Montréal, 19 février 2000  /  No 56
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Scott Carpenter is a young entrepreneur living in Victoria, B.C. and the founder and editor of Liberty Free Press
by Scott Carpenter
          Canadians are used to hearing about the separatist movement in the news. It's become such an integrated part of our lives that to a certain degree we might feel lost without the prospect looming somewhere on the political horizon. But these days separation isn't quite what it used to be. Separation used to mean Quebec looking for a way out of confederation but not anymore. These days the talk of separation comes from the west. Well... the north west to be precise.
          Living next to a strong Albertan economy can be a difficult task at the best of times but for British Columbians living near the border it can be an absolute nightmare. That's why business owners in the Peace District of British Columbia are yelling separation or bust. In fact they not only want to separate from British Columbia but they want to join Alberta. That's why last week in the sleepy northern community of Dawson Creek dozens of business owners met in the downtown core, waving an Alberta flag and carrying a sign that read: « Smile if you like what you see Ralph! » As the old saying goes « If you can't beat ‘em join ‘em! » 
The Alberta Advantage 
          As many westerners already know Alberta has no sales tax and, on average, has a lower income tax rate as well. So even during good times it can be difficult for BC border towns to compete with their Albertan counterparts. Add to this problem a draconian new set of Anti Smoking Laws in British Columbia and you suddenly have a recipe for revolution; Mix a few hundred over taxed business owners with a wealthy untaxed neighbour, stir gently with new legislation that makes business more difficult and presto! We have a separatist movement! 
          Needless to say the government spin doctors have been fast at work doing their best to make this into something less than what it is. The provincial Minister of Finance has been on local radio addressing the situation. Ottawa and Victoria can't understand why there is all this talk of separation? The Peace District of British Columbia creates 40% of the provinces GDP. They ask « With all the oil and gas the region has it is one of the wealthiest areas of the province. » « Besides, » bemoans Provincial Finance Minister Paul Ramsay, « the Peace was cut a good deal a few years ago when it got a bunch of money through the province's Fair Share program to fix its roads. »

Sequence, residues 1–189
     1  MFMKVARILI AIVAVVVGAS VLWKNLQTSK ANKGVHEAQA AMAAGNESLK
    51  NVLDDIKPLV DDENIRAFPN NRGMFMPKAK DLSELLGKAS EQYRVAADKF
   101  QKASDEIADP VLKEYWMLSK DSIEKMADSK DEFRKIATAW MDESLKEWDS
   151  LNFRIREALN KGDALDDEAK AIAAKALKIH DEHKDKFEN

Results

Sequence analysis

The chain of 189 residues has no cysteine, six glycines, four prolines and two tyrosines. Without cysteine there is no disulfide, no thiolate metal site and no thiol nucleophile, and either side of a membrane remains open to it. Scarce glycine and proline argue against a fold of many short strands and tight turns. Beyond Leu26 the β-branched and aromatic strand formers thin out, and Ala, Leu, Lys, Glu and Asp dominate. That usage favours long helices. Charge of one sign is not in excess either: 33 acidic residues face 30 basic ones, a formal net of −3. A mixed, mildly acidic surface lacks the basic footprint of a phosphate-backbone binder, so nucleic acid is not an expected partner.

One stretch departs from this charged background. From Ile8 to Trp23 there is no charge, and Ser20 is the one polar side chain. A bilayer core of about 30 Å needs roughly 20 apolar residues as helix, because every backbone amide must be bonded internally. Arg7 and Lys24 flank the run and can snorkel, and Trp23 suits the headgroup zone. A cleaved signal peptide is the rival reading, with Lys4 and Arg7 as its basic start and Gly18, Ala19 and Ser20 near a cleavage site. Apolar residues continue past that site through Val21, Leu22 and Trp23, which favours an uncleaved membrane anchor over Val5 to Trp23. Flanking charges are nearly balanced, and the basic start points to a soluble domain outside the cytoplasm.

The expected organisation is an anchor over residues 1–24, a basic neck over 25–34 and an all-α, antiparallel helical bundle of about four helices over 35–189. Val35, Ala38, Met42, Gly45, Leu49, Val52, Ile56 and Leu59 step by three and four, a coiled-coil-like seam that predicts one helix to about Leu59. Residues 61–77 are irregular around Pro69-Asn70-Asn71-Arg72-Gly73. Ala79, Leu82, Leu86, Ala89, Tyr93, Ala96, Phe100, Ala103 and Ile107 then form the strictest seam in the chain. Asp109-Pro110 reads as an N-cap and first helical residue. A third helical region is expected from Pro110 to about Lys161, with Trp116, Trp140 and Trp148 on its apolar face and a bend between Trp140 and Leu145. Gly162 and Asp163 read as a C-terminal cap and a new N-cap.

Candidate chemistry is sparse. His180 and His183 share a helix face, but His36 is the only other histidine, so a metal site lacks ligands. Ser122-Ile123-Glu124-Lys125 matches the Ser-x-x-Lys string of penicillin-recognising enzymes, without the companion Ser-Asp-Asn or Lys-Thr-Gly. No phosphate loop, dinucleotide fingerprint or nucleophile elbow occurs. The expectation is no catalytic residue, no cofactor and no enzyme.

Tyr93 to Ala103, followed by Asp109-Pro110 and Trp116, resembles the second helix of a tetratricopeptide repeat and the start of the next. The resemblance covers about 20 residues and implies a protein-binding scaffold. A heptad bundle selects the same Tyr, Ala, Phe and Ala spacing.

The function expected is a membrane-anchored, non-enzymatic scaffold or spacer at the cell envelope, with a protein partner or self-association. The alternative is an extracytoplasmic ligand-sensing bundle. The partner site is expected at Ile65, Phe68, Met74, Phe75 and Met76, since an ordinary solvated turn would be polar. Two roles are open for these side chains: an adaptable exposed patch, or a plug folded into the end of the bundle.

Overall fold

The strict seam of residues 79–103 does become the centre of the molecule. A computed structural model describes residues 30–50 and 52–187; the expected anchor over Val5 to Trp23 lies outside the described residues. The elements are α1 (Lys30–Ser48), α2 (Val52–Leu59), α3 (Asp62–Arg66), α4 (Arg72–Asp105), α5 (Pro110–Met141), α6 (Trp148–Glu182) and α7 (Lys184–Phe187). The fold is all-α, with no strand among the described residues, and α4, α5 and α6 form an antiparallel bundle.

« Mix a few hundred over taxed business owners with a wealthy untaxed neighbour, stir gently with new legislation that makes business more difficult and presto! We have a separatist movement! » 
          Wait just a minute Mr. Ramsay! Let's think about this for a minute shall we? The Peace district creates some 40% of the provinces GDP... that's almost half in an area with a population of under one hundred thousand residents. If we make so much money here (did I forget to mention I am a resident?) why do we have to beg Victoria for OUR money to fix OUR roads? Who really needs who here? 
Who needs Who? 
          I'd like to submit that in fact we don't really need Victoria at all and that in fact it's Victoria who needs us. The provincial and federal governments attempt to quell this movement before it begins reminds me of the vampire who's bride, after having most of the blood sucked from her dying body and having believed that she needed her demonic lover just to get along in life, suddenly awakens from her trance and promptly realizes it's quite the opposite. 
          North western residents are slowly waking up to the fact that the government, regardless of how benign or benevolent its intentions may seem, is not there to help us. In fact without our consent it cannot exist at all. Slowly but surely small groups of Canadians are realizing this and are removing that consent one step at a time.  
          So this brings us to the real reason why Victoria is scrambling to downplay this movement. Fear. What will happen to British Columbia if it's most economically healthy victim decides to throw off it's parasitic grasp? One can only dream. 
          But what's Ottawa's stake in downplaying this movement? It's simple. They're afraid of a domino effect. If one district goes then maybe another will and the next thing you know, BC is reduced to nothing more than the lower main land and as one protester so eloquently put it: « If we join Alberta and the Federal Government gets on our case then maybe we'll have to consider making a whole new country! » 
          This push for redrawing provincial boundaries marks a turning point in Canadian attitude. For once Canadians aren't revolting over something as trite and irrelevant as language or race. This time it's a matter of principle. Lower taxes, leave our private property alone and get the hell out of our lives. Love 'em or hate 'em you gotta give these westerners an « A » for tenacity. Let's just hope they can carry the ball the whole nine yards. 
          To a brave new world! 
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